Friday, July 22, 2016

Fin de Siecle

Last day of vacation.  As you read this, I am probably rolling through Wyoming at this point headed home.

One thought that has occurred to me as I was setting this vacation up and then as events in my own personal life developed is that everything is sort of reaching a crescendo of sorts, a fin de siecle, an end of the age sort of thing.

Maybe not right at the moment I walk back into my real life of course, These things never come together quite as cleanly as we would like to imagine.  But there is definitely a sense hanging over me that the next turning is around the corner, that the last seven years or so have been a long transition, partially from The Firm but also from being buffeted in my career field to actively choosing my course in my career field.

I am excited about the other areas of my life as well.  The last seven years has been truly amazing in terms what I have attempted to do and learned to do.  Even within these areas, there is a sense of moving forward towards greater ability and (hopefully) greater autonomy.

I would not say that future looks bright.  I know enough not to say that.  But I can say that the future looks as good as it ever has.

Thursday, July 21, 2016

On Fishing

One of my regrets is that I have never kept up with fishing as I might have.

I grew up fishing with my maternal grandfather, who was a mighty fisherman.  My earliest memories of fishing were in Montana, fishing for trout not too far from the cabin that I am staying at while we are there.

We fished for trout in Montana and for Bluegill and the occasional Bass in Old Home.  He would patiently take me out, teach me how to bait the hook and set the line (sinkers and bobbers for a young child), pull them in, and then clean them.

He taught me other things through fishing as well:  patience, a willingness to be alone and silent, of enduring until you reach the final goal.  Being responsible where you fish.  And fish as much as you need, but eat everything that you catch.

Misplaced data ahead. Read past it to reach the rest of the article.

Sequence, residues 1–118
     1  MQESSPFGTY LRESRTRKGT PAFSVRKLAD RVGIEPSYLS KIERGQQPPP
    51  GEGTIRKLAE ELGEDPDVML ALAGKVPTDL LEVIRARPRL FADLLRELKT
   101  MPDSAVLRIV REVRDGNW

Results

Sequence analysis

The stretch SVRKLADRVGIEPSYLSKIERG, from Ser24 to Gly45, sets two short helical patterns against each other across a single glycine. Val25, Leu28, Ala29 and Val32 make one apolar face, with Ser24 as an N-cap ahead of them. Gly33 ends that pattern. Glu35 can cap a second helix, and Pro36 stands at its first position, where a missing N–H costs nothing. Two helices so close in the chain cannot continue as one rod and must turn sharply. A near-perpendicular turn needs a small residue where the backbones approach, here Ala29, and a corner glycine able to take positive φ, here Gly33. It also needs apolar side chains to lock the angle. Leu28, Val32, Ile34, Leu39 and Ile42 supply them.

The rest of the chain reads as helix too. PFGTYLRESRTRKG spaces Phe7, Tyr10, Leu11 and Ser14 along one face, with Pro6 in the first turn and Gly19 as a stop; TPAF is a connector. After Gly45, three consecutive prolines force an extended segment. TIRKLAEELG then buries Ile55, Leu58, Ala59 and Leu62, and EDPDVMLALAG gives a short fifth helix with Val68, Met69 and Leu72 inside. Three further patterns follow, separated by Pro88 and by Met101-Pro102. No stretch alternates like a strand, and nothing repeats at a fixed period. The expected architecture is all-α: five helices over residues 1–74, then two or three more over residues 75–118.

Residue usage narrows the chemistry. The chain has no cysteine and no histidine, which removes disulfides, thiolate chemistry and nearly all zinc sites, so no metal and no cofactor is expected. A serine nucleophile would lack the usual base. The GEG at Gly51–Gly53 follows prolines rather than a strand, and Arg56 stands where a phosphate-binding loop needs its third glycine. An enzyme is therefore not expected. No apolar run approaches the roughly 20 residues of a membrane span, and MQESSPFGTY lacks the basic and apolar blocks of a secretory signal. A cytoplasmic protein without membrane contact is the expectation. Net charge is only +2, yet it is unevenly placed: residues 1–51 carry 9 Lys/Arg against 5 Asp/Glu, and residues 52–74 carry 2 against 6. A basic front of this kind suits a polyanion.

He tried to teach me how to fly fish but this was almost at the end of my fishing life and I never really took to it the way I did earlier. I drifted away from fishing after that as high school and then college overtook my time and interest.

I have never really been interested in fishing here in New Home; catfish and bass do not interest me all that much (and I am not really a fan of them, especially catfish unless blackened or fried).  But trout....trout is still something worth fishing for.

I have seen my friend Jambaloney's posts on his fishing over at Framboise Manor and makes me hungry again for those times of silence and patience and the possibility of fresh fish at the end of it.

Perhaps hungry enough to try and learn again.

Wednesday, July 20, 2016

Tuesday, July 19, 2016

Planning Out The Rest of My Career

As I posted two weeks ago or so,  one of the factors that I have noticed creeping into my own life is a lack of continuing education on my part, largely driven by my distaste of aspects of my current career.

Which brings up a second sort of useful question:  What does my career path forward look like?

Belying my earlier post on robots, I suspect that my career field will at least be viable throughout my working career (in my world defined by another 20 years or so).  The rather unfortunate reality is that while I can improve on my current skill set and knowledge my ability to directly migrate over to a completely new career field (at least, one I would have to do rather than want to do) is rather limited.
I think I have one, maybe two more moves in me.  This is predicated on the concept that at least one of those moves would be for a career related reason and one for a final relocation reason (no idea what that would look like).  I am sensitive to the fact that in my own personal world we are in an era of transition: quite likely within 10 years there will only be two of us back at home. This creates certain options that may not be apparent now.